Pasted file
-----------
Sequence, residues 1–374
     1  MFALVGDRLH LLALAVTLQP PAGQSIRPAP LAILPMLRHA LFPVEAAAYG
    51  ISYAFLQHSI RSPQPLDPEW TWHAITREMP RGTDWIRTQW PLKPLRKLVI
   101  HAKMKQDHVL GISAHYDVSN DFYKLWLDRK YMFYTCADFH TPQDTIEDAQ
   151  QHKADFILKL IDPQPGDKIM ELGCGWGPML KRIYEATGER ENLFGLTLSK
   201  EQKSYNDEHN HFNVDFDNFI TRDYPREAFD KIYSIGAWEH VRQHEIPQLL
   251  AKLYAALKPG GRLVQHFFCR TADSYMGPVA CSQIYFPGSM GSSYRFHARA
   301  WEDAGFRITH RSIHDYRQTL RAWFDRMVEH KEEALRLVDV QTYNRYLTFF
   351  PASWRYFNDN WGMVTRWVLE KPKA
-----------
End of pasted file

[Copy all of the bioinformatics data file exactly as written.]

Sequence, residues 1–374
     1  MFALVGDRLH LLALAVTLQP PAGQSIRPAP LAILPMLRHA LFPVEAAAYG
    51  ISYAFLQHSI RSPQPLDPEW TWHAITREMP RGTDWIRTQW PLKPLRKLVI
   101  HAKMKQDHVL GISAHYDVSN DFYKLWLDRK YMFYTCADFH TPQDTIEDAQ
   151  QHKADFILKL IDPQPGDKIM ELGCGWGPML KRIYEATGER ENLFGLTLSK
   201  EQKSYNDEHN HFNVDFDNFI TRDYPREAFD KIYSIGAWEH VRQHEIPQLL
   251  AKLYAALKPG GRLVQHFFCR TADSYMGPVA CSQIYFPGSM GSSYRFHARA
   301  WEDAGFRITH RSIHDYRQTL RAWFDRMVEH KEEALRLVDV QTYNRYLTFF
   351  PASWRYFNDN WGMVTRWVLE KPKA